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ATID Fellows Discuss Talmud Study in the Non-Orthodox World

Aliza Segal, ATID FellowBy Aliza Segal, ATID Fellow

It has been my experience that a lecture or seminar may be engaging for one of two reasons. It may be that the speaker is involved in arenas which are similar to mine, and that what he or she has to say may directly impact upon my thinking or practice in an area of personal or professional interest. In other words, it is the relevance, or the context, of the speaker and of his or her approach to a topic which initially interests me. On the other hand, it may be precisely the differences between a given speaker and myself which draw me into his presentation. There is nothing like being offered a personal glimpse into a foreign world, broadening my horizons and helping to shape my thinking. Ruth Calderon, who addressed ATID on December 31, 1999 managed to fill both of these roles.

Ms. Calderon is the founding director of the Alma Hebrew College, an academic institution of higher education which includes Beit Midrash hours and courses in its required program of study. Located in Tel Aviv, Alma is dedicated to the study of Jewish culture and to reclaiming the “Jewish bookshelf” for secular Israelis. Thus Calderon, who is completing a doctorate in Talmud, shared with the ATID Fellows the common language of Talmud study. The traditional Beit Midrash is of paramount importance to her, in terms of both structure and content. Students learn with havrutot, preparing a particular passage to be discussed in a larger forum. All of this takes place in a large, noisy room whose walls are lined with bookshelves. Ruth speaks of her love for Rashi and her progress in Daf Yomi.

Conversely, she strongly identifies as secular and, or more accurately, as she put it, “non-halakhic.” She lives in and represents a world that does not normally establish Batei Midrash, and feels strongly connected to a tradition which she does not observe. As an educator in Orthodox settings, the spiritual pursuits of my students matter to me, just as their intellectual pursuits do. For Ruth, the paths adopted by her students in their personal lives are not the indicators of success.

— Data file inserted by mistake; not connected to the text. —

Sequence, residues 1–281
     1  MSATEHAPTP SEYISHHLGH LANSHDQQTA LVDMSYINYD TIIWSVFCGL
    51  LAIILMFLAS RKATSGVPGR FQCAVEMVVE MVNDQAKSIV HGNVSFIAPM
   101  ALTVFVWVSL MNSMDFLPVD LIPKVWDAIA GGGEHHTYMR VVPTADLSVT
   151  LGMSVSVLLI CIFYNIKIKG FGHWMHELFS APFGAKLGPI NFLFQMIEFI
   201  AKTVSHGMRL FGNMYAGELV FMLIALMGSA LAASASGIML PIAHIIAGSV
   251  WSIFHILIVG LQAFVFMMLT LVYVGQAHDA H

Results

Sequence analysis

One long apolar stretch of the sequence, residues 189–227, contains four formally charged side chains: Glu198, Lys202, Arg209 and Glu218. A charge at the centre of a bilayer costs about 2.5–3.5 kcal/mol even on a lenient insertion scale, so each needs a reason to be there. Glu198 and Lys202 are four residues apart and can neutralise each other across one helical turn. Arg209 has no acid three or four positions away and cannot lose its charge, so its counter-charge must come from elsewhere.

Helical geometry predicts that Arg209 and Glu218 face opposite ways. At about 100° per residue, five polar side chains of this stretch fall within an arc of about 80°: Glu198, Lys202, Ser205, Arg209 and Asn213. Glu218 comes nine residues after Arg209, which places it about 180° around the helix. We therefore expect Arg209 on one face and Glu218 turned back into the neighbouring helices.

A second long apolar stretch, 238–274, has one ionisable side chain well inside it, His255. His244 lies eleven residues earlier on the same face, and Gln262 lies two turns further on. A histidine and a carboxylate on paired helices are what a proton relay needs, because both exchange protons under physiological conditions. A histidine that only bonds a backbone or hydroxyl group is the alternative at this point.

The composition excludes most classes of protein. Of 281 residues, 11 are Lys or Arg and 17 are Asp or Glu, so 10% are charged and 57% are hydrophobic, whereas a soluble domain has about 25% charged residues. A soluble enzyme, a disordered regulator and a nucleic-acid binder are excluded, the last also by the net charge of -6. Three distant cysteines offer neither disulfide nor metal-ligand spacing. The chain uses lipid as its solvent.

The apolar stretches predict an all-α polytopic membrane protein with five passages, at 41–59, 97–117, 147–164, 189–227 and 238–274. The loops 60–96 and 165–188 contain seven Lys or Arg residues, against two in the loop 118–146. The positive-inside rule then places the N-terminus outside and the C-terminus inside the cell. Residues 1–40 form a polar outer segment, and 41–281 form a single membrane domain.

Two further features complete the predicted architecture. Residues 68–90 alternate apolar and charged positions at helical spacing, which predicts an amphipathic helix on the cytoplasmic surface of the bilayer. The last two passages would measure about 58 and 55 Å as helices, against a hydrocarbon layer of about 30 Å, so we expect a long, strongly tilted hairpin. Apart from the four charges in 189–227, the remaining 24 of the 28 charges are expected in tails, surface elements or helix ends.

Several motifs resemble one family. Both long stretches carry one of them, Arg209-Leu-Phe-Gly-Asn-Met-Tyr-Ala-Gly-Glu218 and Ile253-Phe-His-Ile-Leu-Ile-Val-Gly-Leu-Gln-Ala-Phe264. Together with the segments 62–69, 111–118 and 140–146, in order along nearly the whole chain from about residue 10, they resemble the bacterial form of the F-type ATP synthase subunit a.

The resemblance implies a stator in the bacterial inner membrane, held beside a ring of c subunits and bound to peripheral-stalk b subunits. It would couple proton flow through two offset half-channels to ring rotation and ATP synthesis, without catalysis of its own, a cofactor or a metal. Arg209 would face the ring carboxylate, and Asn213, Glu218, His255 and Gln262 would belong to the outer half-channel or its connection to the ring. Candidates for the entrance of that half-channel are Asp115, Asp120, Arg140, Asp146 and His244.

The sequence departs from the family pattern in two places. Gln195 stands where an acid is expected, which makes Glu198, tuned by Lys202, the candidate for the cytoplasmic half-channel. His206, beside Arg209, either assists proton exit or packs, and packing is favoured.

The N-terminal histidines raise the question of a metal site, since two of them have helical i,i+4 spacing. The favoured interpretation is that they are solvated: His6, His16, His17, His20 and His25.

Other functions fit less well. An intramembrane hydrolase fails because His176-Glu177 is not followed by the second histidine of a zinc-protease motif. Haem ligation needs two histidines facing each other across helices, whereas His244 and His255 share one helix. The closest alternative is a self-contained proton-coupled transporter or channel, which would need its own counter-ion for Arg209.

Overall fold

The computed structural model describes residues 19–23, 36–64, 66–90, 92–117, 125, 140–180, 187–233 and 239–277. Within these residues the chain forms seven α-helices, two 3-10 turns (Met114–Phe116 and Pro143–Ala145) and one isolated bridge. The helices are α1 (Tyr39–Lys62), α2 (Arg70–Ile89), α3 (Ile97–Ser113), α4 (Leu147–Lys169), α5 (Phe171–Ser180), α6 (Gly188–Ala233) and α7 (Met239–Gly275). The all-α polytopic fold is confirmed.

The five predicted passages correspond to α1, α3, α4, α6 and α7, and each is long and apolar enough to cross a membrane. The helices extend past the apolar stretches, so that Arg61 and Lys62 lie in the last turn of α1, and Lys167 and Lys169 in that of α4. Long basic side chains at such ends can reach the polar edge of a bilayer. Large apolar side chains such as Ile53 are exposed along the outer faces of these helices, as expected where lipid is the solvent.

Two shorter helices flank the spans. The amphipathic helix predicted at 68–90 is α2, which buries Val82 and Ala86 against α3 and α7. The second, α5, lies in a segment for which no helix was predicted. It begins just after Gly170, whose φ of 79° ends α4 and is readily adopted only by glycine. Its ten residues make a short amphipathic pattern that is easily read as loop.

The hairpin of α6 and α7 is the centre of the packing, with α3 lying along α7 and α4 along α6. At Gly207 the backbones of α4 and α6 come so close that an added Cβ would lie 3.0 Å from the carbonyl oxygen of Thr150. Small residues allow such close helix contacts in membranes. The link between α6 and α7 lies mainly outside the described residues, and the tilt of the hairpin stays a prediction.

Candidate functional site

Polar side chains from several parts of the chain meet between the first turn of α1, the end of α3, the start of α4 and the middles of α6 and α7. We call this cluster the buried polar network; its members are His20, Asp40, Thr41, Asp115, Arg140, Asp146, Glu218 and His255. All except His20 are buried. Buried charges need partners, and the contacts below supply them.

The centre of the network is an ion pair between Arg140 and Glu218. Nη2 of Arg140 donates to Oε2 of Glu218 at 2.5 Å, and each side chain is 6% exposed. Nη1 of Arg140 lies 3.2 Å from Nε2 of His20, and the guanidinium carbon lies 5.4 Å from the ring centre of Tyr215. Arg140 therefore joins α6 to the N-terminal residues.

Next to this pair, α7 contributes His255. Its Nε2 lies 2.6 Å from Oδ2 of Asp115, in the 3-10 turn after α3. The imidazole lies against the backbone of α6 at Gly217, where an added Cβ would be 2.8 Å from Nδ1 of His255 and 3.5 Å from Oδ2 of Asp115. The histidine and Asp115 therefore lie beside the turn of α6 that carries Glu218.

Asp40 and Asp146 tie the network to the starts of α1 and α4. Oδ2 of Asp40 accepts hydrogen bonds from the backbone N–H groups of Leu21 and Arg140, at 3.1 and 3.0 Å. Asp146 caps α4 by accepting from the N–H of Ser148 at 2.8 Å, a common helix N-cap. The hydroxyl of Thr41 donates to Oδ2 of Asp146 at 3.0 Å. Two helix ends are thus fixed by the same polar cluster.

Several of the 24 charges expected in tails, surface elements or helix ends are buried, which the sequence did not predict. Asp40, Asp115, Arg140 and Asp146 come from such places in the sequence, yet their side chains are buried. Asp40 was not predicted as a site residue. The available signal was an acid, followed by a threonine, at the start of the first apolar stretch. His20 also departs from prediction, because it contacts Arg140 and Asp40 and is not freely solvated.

Initially, many Fellows might have thought that Ruth, from her “outside” perspective, would have little to offer them in their evaluation of Orthodox educational issues. Her presentation on the state of Talmud study in the chiloni world, was the first opportunity that many of us had to interact in a serious way with a non-Orthodox teacher of Torah.

In listening to the presentation, I identified strongly with the discussion of Torah study, but the social and religious context were unfamiliar territory. In order to understand how Ruth bridges the two, one must look more closely at her approach to traditional text. She refers to the tools of anthropology, and is interested in the human side of the Talmud more than in the legal side. Tannaitic and Amoraic figures come alive, with personalities of their own and practical knowledge about the world. Issues that arise in the Talmud are compared with their treatment or resolution in other cultures. Study shapes thinking about Judaism and about the world, and adds meaning to life-cycle events. It does not, however, affect normative practice.